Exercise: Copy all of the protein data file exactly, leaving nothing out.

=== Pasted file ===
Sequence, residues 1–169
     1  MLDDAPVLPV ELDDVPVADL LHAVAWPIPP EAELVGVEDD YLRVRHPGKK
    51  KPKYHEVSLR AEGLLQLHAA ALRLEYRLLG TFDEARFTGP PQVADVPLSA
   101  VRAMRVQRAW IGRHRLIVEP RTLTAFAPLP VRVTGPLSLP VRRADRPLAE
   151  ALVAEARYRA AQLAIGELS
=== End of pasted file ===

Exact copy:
Sequence, residues 1–169
     1  MLDDAPVLPV ELDDVPVADL LHAVAWPIPP EAELVGVEDD YLRVRHPGKK
    51  KPKYHEVSLR AEGLLQLHAA ALRLEYRLLG TFDEARFTGP PQVADVPLSA
   101  VRAMRVQRAW IGRHRLIVEP RTLTAFAPLP VRVTGPLSLP VRRADRPLAE
   151  ALVAEARYRA AQLAIGELS